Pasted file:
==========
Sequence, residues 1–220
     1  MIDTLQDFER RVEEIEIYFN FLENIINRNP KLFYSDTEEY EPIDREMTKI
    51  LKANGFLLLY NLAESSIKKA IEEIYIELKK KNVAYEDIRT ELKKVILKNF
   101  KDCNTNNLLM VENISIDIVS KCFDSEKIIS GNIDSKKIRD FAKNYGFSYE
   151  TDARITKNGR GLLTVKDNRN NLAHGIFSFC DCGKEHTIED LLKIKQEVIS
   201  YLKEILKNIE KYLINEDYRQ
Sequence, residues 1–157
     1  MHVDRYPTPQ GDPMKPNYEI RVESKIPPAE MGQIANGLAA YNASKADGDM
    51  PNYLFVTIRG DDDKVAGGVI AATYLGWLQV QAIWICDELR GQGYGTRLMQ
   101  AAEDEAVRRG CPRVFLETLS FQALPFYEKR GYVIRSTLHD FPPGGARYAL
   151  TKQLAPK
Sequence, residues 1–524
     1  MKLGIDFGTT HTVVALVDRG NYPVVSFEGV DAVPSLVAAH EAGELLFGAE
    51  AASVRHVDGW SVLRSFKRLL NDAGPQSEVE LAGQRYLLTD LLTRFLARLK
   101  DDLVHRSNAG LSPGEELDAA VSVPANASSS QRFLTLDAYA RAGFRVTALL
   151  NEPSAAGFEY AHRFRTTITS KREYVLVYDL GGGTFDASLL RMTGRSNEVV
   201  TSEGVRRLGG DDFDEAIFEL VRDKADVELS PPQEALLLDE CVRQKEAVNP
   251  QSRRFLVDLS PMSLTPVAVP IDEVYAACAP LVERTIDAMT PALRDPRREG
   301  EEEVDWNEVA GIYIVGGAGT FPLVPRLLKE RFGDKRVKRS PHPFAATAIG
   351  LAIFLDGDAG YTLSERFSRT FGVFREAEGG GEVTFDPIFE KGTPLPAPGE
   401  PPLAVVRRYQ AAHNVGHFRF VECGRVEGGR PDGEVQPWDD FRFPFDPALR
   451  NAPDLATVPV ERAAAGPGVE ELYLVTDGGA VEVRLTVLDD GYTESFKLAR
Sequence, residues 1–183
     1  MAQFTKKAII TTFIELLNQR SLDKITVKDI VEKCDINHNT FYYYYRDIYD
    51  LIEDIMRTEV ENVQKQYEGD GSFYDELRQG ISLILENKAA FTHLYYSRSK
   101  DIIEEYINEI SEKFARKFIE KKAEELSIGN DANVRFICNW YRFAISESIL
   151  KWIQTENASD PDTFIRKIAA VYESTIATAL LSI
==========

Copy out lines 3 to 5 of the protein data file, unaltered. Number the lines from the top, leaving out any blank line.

    51  LKANGFLLLY NLAESSIKKA IEEIYIELKK KNVAYEDIRT ELKKVILKNF
   101  KDCNTNNLLM VENISIDIVS KCFDSEKIIS GNIDSKKIRD FAKNYGFSYE
   151  TDARITKNGR GLLTVKDNRN NLAHGIFSFC DCGKEHTIED LLKIKQEVIS